Science policy in America is at the core of just about everything — water, energy, health, agriculture, conservation, climate, defense, and more. And of course, many of these issues are also linked and have multiple implications at local, regional, national and global levels. Therefore, given the importance of good science policy it’s critical to our futures to reverse the trend in America of politicizing science policy. It is no longer possible to formulate policies for the public good by drawing on a single set of scientific facts. Every camp has their own “experts” and “facts” and the public is left to choose sides. This is an outgrowth of our information society, but it is also an outgrowth of poor science communication. Creating science policy in America that is more responsive to science begins with improving the communications infrastructure of science. Sound science is necessary for informed policymaking but it is not by itself sufficient. Policy recommendations also need to include storylines and plausible options developed through collaboration with a wide range of stakeholders. And these new policy options aren’t the better mouse trap to which customers will naturally flock. Options need to be presented in ways that reach their audiences, and options need to effectively rebut the science nonsense that can flourish in our sound-bite culture. Establishing more cross-cutting foundations for science policy is also important — active collaborations between research institutions, corporations, infrastructure providers (transportation, energy, etc.), STEM education, and more.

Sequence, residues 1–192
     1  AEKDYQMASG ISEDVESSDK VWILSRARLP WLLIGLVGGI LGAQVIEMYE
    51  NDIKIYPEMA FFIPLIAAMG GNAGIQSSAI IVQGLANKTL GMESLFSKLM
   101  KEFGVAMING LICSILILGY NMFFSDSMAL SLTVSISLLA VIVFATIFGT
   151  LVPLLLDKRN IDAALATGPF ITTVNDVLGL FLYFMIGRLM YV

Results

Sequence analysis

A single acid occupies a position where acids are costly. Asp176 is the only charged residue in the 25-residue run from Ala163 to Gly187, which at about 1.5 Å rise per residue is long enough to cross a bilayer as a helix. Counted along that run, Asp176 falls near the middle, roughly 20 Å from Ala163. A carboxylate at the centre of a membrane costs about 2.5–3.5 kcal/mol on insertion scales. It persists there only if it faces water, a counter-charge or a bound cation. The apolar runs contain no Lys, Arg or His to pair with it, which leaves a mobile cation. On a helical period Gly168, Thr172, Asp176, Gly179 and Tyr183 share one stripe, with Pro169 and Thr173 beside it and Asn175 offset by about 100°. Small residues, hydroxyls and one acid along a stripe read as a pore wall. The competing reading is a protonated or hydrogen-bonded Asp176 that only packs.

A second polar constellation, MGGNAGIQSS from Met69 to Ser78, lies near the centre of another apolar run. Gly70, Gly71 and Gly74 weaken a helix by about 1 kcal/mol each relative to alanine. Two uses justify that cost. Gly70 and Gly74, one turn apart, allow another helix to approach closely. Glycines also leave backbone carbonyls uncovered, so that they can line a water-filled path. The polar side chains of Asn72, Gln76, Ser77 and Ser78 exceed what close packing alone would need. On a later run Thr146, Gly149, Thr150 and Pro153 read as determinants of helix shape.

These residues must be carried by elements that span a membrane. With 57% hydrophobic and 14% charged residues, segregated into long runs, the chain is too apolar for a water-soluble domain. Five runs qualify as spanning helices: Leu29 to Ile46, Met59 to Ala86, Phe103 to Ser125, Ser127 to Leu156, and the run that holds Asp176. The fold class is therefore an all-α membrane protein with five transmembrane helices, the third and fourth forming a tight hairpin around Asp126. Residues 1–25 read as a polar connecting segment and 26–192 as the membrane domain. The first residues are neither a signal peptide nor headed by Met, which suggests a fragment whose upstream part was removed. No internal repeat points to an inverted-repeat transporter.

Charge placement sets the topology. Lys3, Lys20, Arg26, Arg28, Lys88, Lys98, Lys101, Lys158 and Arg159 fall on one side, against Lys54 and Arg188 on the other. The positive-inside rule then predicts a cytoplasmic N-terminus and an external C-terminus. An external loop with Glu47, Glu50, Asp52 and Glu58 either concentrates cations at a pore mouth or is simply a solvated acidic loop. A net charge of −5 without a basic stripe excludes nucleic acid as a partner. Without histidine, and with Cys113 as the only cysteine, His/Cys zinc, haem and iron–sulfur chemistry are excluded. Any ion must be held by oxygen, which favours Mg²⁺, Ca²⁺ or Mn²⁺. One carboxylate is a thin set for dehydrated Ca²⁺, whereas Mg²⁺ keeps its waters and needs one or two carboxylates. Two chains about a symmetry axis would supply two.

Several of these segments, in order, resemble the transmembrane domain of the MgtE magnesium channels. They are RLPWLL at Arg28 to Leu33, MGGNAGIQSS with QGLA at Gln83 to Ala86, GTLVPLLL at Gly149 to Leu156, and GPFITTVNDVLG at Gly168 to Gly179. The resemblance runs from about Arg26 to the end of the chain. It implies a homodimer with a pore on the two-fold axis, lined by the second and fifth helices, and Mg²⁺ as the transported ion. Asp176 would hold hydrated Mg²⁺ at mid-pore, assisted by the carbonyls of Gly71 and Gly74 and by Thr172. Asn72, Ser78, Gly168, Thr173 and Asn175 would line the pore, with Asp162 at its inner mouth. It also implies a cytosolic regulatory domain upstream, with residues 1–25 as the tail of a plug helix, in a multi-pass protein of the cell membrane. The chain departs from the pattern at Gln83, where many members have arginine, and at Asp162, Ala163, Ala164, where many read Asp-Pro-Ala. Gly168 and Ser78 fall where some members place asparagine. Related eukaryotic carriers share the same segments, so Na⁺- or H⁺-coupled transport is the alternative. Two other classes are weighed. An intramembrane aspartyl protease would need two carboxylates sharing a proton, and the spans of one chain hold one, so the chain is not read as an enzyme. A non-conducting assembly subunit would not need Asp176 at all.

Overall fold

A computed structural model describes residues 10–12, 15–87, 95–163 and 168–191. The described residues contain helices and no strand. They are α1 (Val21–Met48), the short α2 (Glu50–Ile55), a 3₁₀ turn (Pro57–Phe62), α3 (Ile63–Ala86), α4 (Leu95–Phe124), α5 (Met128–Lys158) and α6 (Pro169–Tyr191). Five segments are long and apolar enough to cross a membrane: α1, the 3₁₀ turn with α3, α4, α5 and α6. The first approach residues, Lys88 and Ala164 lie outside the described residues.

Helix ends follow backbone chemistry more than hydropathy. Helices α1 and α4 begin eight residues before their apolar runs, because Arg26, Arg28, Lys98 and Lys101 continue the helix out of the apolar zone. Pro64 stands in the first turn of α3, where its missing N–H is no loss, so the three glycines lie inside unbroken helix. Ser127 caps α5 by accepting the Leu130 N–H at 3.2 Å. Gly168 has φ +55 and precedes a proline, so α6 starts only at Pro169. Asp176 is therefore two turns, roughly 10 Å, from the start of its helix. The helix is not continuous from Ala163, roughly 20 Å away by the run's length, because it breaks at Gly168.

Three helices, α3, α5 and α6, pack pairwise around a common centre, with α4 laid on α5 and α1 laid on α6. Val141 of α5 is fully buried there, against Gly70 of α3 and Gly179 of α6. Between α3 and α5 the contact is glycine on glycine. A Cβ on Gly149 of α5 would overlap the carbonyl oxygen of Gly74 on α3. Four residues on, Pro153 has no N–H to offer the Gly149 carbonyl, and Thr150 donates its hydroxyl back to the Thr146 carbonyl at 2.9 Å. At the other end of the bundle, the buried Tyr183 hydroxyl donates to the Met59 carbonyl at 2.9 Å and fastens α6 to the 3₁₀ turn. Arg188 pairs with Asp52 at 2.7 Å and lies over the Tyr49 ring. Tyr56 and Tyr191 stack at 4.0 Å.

We’ve all heard the sobering news about STEM (science, technology, engineering and math) education: there aren’t enough qualified STEM teachers in our K-12 systems, most high school students graduate without an adequate background in math and science, and students who choose to study math, science and engineering in college have very high rates of attrition compared to other majors — meaning that most switch majors or don’t finish their degrees at all. nSCI believes that better science communication can help repair this situation — in schools, in the public sphere, in the public policy arena, and more. Science education doesn’t start in the classroom, after all, but with kids getting excited about science, and science policy works better if the public understands and is inspired by science and discovery. Building and maintaining this excitement and inspiration is slow pitch softball for marketers: making textbooks more entertaining, making sure teachers are properly trained and educated and have the right kinds of support, making sure that science education has a strong hands-on component, and making sure that Congress follows through on its frequent promises to markedly increase funding for STEM education (commitments that have recently been picked up by private industry due to the increasingly urgent need for a more STEM-literate domestic workforce). STEM reform efforts also need to focus internally, however: is there a more fundamental reason why kids don’t or can’t follow through with science that’s not related to homework, teachers and funding? Examining the way science is communicated to students will help, as well as examining the role, necessity, and impact of math education requirements and methods in science education since math education is clearly the weakest link in college-level science education. This issue will be explored in detail in a future nSCI White Paper.